(Sad side note about the blue dress: I’ve had it for a couple years and never washed it, and decided it was high time it was washed. I handwashed, but it still bled blue and red and purple all over the place and it is looking a bit faded and blotchy in spots. Not in a super noticeable way, but how do you wash things like that that bleed like mad?)

Of course the reason it doesn’t have any darts yet still fits perfectly is because it has armscye princess seams. I blithely traced it onto brown paper, cut out the pieces, and prepared to sew them . . . and then realized the edges of the pieces were curved. In opposite directions. I have no idea how it took me so long to realize that this might be problematic or confusing, but by the time I had noticed it was far too late to go back, and I definitely had no better plan, so I forged on ahead, found some video tutorials, and sewed the dress.

dress

dress back

It was a learning experience, for sure. I had no way of knowing how much seam allowance I would need, and tried using washable markers to denote where my pieces should match up, but in the end I was more preoccupied just trying to keep the pieces matching up at all while I curved them in directions none of them wanted to go, so the bodice didn’t fit perfectly. The dress being sleeveless, the armholes pooched out in unfortunate, boxy ways. In the end I ditched my armhole interfacing and added darts–even though it seemed silly to have darts and princess seams at the same time.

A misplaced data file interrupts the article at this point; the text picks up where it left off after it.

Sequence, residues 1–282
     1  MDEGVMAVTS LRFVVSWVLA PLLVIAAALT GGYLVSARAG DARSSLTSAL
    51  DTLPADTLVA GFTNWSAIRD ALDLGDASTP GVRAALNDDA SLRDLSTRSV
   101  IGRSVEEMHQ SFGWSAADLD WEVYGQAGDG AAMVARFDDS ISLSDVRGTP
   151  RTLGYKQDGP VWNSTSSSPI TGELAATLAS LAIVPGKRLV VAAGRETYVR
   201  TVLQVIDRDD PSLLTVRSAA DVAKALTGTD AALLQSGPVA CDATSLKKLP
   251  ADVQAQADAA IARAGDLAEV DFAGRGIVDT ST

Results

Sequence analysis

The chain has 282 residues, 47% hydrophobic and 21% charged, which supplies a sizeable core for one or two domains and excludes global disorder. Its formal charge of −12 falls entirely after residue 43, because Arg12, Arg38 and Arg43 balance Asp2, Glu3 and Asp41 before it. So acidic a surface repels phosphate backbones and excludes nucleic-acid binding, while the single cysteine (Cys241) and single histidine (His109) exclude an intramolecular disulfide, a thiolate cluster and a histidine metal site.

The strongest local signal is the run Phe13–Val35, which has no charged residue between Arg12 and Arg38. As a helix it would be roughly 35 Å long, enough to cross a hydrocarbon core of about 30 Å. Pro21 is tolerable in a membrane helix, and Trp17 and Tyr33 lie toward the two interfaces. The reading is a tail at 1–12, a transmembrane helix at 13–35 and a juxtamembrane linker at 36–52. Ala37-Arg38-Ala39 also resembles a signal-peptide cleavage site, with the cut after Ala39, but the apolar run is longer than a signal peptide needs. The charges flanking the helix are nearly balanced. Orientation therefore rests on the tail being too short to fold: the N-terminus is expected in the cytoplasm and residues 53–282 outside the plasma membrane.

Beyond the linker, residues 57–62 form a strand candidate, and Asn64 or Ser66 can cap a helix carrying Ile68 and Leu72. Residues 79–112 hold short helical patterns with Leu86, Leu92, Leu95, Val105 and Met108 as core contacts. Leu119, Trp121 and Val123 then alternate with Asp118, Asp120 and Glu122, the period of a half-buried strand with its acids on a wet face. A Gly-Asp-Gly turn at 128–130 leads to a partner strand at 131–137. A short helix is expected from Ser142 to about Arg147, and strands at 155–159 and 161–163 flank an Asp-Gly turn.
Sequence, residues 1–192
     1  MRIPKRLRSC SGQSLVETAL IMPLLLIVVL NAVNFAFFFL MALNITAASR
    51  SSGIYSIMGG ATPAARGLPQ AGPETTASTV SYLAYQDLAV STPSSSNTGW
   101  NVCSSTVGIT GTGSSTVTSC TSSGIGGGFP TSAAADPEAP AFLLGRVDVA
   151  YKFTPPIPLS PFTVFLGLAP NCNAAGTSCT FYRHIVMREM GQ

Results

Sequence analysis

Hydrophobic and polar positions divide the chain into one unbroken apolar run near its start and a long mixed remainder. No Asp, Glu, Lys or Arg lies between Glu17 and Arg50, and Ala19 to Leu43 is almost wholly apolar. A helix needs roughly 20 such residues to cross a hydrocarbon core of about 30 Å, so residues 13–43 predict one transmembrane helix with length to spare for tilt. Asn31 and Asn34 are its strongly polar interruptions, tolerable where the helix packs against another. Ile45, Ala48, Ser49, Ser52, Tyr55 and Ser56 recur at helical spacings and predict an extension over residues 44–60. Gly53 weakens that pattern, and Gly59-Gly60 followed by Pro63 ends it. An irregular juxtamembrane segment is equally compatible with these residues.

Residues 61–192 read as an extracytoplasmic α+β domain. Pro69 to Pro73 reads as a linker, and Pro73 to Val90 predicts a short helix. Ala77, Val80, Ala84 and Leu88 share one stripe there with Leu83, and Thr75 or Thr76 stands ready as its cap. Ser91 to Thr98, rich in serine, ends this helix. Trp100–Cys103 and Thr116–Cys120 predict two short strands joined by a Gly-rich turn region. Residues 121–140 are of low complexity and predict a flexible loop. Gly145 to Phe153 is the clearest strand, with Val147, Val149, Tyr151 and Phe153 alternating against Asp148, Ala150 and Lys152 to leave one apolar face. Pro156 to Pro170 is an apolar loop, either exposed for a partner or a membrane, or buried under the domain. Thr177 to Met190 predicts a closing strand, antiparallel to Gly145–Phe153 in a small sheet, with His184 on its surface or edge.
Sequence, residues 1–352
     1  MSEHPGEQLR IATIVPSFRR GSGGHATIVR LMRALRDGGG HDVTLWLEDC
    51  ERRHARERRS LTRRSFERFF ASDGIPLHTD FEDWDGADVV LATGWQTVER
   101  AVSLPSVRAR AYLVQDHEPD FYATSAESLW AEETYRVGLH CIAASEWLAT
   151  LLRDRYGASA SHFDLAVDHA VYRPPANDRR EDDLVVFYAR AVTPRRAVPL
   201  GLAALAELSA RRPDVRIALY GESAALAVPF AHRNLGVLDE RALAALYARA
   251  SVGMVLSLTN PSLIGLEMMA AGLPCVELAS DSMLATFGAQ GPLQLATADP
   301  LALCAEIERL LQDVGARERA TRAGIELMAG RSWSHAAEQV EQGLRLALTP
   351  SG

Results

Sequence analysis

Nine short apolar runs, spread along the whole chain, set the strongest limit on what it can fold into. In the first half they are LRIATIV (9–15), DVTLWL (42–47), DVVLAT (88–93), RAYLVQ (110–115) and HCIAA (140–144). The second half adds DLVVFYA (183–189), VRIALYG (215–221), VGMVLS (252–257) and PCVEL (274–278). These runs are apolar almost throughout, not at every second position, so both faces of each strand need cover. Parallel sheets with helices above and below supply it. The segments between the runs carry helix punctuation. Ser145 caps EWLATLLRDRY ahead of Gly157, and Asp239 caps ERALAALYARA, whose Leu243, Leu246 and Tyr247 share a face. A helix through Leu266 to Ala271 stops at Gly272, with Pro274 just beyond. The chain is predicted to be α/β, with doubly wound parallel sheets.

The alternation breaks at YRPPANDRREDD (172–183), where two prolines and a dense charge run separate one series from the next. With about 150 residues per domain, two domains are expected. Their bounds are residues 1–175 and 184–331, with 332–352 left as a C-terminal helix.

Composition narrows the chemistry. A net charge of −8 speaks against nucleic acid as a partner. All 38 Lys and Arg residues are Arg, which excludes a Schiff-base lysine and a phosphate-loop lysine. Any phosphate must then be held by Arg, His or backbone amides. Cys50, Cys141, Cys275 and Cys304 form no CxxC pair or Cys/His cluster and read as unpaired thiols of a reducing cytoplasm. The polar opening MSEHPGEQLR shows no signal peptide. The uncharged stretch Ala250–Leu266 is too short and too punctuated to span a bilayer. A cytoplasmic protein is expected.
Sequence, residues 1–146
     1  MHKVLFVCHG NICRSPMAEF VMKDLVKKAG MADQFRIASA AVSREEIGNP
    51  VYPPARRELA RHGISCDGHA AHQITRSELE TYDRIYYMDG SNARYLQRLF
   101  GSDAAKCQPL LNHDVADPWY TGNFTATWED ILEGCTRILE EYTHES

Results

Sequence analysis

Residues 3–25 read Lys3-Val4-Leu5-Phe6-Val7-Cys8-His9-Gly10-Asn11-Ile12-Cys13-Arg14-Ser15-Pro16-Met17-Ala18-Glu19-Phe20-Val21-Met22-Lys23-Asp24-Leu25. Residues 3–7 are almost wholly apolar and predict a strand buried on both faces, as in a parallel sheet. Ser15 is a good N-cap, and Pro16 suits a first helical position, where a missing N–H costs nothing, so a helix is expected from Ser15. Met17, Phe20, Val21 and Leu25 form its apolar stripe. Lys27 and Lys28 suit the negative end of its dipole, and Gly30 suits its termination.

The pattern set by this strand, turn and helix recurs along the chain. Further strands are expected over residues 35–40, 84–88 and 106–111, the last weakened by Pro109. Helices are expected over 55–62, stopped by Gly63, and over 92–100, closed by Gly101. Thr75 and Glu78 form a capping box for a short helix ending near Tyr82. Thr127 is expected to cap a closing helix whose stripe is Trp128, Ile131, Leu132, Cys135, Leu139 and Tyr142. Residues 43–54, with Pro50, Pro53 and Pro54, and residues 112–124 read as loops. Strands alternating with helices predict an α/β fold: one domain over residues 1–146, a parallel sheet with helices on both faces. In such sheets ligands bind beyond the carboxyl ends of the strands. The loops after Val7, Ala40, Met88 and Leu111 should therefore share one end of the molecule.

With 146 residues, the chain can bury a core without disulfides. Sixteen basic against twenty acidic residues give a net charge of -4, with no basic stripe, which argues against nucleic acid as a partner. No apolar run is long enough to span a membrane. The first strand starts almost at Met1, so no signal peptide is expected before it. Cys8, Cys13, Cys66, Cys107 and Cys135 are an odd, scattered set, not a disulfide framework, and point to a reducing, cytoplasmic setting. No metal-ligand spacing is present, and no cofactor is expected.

The internet cautioned me against french seams on armscye princess seams, but I don’t have a serger or zigzag or anything of that ilk, so I tried to finish my seams by turning them under and sewing along the edges, adding some decorative topstitching while I was at it. I can’t say that it worked splendidly, I’m afraid, but luckily no one is looking at the inside of my bodice and I can just handwash the dress from now on.

I stayed up until 2 AM sewing and finished the skirt this morning. I had to teach myself how to make a placket!

I cannibalized buttons from a cardigan that I’ve never worn and wouldn’t wear buttoned anyway…

buttons

…And a hook-and-eye from a blue cut-up evening-gown that I subsequently decided didn’t fit very well anyway and deprived of its zipper as well.

I also made a sash, not because it’s at all helpful or necessary but mostly because I still have lots of fabric and I like sashes. It’s good practice for sewing long, straight seams, anyway.

dress with sash

Yay! Overall I’m really pleased–it’s not perfect, by any means, and it definitely falls short of my imagination, but on the other hand it is way better than what I expected last night at 1 AM. It is something I will wear, and happily, and the next thing I make will be even better! I am not giving up on this bodice pattern, either; it’s lying scattered around my floor with scraps of fabric at the moment but sometime I might play around with the neckline and figuring out how to work with seam allowance.